Botnets, money mules lead check counterfeiting scheme

A Russian group is doing check counterfeiting in the US using malware, botnets, virtual private networks and money mules recruited online.

A Russian group is doing check counterfeiting in the US using malware, botnets, virtual private networks and money mules recruited online, according to research revealed at the Black Hat hacker conference on Wednesday.

The SecureWorks Counter Threat Unit investigated the operation over three months and is now working with law enforcement agencies to find out who is responsible for the scam, which is believed to have netted as much as $9m (£5.8m) from fake cheques in the last year.

SecureWorks researchers uncovered the complicated operation in April when it discovered a unique variant of the well-known Zeus Trojan that targets Windows-based PCs, the security company said. In addition to stealing login credentials, the Trojan established a virtual private network (VPN) connection from the infected computer to a remote server using the PPTP (Point-to-Point Tunneling Protocol) functionality in Windows. It also listened to a random TCP (Transmission Control Protocol) port in order to serve as a Socks proxy.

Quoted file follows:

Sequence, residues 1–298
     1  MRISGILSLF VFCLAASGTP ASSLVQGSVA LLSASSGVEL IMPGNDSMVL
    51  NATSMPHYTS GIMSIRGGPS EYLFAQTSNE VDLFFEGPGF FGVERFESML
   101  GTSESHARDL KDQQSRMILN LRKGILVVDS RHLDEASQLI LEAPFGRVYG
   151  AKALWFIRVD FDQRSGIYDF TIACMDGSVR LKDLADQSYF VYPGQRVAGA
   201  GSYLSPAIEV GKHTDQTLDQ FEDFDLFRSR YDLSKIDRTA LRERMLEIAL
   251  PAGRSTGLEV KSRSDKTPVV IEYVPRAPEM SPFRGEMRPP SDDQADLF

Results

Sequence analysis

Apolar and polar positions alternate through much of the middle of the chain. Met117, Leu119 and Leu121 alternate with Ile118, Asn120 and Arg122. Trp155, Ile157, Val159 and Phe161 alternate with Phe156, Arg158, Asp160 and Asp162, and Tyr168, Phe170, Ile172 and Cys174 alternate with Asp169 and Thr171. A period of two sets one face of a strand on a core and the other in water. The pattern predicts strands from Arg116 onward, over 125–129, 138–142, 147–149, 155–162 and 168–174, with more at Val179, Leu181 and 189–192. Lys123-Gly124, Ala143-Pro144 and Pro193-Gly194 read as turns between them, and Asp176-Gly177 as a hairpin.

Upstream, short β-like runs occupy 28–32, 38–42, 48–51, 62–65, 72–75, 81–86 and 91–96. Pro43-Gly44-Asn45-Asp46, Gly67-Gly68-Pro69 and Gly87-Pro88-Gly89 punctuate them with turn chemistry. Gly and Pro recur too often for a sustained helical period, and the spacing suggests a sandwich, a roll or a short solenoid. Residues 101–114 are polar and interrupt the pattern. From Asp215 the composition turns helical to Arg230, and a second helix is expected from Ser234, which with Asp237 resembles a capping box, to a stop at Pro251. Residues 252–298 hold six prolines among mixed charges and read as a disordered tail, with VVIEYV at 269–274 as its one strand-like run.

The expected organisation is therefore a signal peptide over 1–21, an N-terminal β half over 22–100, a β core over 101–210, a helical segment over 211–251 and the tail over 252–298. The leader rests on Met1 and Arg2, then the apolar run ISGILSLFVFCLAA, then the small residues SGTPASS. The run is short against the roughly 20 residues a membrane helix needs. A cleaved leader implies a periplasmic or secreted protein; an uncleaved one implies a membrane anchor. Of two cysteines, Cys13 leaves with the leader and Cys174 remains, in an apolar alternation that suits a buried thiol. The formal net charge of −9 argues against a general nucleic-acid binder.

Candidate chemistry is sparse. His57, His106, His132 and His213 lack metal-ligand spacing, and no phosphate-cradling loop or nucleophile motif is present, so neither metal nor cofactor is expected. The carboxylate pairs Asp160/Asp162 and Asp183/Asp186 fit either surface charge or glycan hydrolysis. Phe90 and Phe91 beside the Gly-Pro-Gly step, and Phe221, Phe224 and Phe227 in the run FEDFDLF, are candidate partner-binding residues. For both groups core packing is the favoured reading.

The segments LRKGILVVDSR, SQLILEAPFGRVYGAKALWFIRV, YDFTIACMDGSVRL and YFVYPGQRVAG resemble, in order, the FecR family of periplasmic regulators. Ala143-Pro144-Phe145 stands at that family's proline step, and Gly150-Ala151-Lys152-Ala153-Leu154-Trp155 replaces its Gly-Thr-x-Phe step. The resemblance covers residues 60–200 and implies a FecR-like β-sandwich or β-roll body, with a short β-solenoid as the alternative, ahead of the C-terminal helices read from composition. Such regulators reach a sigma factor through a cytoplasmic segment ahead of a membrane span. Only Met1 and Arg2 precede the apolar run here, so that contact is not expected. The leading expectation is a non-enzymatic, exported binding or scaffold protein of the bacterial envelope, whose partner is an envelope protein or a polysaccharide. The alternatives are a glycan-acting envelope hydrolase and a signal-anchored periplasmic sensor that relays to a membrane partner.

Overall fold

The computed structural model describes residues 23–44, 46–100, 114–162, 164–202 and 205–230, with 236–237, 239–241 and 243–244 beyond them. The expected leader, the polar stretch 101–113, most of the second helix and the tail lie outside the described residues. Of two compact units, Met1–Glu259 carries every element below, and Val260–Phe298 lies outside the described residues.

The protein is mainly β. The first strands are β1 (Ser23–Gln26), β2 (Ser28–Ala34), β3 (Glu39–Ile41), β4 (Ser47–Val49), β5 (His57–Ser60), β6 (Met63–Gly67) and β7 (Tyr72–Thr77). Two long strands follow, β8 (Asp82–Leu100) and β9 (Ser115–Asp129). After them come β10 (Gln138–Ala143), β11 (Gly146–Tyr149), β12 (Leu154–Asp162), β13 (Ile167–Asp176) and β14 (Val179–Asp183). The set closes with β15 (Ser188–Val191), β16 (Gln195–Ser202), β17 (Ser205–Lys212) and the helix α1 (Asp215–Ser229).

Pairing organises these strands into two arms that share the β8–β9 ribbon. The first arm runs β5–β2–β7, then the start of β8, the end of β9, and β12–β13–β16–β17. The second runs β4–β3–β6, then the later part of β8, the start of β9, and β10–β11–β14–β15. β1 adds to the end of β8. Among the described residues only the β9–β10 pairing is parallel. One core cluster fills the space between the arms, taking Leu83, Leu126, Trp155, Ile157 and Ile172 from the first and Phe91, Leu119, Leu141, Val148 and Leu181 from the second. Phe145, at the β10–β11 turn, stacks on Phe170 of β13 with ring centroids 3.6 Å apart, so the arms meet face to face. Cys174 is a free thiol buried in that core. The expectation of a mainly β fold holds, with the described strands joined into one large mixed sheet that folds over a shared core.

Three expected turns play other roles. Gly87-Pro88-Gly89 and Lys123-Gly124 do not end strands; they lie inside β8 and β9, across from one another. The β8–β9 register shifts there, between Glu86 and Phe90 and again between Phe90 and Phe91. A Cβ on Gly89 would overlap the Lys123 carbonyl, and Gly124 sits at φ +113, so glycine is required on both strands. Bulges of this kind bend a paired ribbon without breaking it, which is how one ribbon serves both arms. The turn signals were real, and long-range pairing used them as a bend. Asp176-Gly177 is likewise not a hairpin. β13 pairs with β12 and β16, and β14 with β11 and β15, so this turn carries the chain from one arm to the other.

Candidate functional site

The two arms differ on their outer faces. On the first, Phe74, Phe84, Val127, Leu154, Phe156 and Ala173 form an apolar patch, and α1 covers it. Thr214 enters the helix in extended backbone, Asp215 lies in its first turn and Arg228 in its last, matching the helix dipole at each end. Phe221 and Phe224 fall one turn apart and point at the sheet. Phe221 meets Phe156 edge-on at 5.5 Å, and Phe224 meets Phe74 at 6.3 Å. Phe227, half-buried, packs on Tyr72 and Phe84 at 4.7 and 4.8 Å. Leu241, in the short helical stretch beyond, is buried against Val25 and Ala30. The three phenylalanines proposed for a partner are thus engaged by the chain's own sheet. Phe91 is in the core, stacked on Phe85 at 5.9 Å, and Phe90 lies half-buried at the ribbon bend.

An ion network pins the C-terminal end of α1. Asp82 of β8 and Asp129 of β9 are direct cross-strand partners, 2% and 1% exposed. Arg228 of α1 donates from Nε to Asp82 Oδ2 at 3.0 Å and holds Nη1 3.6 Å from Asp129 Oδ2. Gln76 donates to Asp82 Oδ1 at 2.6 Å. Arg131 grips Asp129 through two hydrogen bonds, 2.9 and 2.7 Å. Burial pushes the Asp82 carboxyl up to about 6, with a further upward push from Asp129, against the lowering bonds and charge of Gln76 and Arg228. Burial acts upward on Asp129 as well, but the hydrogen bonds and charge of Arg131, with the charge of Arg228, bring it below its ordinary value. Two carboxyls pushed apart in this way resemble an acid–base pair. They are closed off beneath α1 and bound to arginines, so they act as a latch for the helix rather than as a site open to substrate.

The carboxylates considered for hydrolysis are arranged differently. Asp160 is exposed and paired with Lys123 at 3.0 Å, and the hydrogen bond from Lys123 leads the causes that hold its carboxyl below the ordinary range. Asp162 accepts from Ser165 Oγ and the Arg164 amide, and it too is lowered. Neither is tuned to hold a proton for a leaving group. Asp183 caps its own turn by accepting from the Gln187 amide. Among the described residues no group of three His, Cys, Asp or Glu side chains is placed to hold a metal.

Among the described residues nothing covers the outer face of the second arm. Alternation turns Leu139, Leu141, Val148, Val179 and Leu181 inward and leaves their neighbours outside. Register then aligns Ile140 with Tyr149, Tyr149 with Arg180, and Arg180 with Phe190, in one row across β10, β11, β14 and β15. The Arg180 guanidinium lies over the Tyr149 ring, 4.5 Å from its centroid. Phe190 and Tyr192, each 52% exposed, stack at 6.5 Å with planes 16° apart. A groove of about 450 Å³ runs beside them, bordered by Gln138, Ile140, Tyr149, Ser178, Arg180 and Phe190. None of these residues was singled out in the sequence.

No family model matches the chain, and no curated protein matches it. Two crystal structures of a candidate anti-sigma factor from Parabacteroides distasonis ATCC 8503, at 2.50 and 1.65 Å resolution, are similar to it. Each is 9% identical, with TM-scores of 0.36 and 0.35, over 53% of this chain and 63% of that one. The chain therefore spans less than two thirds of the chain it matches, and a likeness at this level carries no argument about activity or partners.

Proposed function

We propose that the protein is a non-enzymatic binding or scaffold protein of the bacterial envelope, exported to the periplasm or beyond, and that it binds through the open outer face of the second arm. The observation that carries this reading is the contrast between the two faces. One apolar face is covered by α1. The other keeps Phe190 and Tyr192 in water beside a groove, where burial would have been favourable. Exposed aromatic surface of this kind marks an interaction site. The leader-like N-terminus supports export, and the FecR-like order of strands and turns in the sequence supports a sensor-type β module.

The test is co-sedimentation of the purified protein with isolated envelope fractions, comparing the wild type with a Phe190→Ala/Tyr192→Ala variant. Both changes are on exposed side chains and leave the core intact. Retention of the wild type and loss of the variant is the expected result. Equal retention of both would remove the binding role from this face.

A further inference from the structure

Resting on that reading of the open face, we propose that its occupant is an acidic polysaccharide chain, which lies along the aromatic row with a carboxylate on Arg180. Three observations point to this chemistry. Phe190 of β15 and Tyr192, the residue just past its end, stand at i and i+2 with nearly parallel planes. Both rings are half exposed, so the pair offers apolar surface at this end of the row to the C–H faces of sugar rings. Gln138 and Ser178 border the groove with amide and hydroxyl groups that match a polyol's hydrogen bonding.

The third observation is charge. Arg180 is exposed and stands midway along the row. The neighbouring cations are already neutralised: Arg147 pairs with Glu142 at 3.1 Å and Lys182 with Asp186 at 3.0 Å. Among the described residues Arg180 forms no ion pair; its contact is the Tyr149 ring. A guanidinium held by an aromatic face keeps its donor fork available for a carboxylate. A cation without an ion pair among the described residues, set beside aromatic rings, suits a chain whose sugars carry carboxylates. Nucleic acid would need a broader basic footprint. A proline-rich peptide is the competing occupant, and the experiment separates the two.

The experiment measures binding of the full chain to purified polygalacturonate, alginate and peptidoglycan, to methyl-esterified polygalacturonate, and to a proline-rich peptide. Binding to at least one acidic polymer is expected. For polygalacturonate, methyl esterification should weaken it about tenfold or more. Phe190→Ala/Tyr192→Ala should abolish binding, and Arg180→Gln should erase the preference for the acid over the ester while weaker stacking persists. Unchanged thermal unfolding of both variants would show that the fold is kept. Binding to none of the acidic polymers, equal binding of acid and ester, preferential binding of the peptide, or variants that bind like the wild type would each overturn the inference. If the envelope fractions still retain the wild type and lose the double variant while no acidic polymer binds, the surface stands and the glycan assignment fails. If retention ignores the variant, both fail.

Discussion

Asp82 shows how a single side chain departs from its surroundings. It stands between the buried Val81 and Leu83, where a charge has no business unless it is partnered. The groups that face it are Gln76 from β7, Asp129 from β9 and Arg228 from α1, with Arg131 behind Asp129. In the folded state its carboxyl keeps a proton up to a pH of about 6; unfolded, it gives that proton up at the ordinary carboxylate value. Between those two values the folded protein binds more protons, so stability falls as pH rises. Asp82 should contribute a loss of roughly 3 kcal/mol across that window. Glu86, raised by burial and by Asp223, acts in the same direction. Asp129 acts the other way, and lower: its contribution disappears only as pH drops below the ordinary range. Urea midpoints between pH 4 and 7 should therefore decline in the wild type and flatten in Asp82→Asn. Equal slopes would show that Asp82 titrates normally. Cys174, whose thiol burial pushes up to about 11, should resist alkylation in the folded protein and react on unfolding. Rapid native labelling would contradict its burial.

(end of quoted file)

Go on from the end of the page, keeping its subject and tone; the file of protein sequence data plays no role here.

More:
For more on this story, see Check counterfeiting using botnets and money mules on CNET News.

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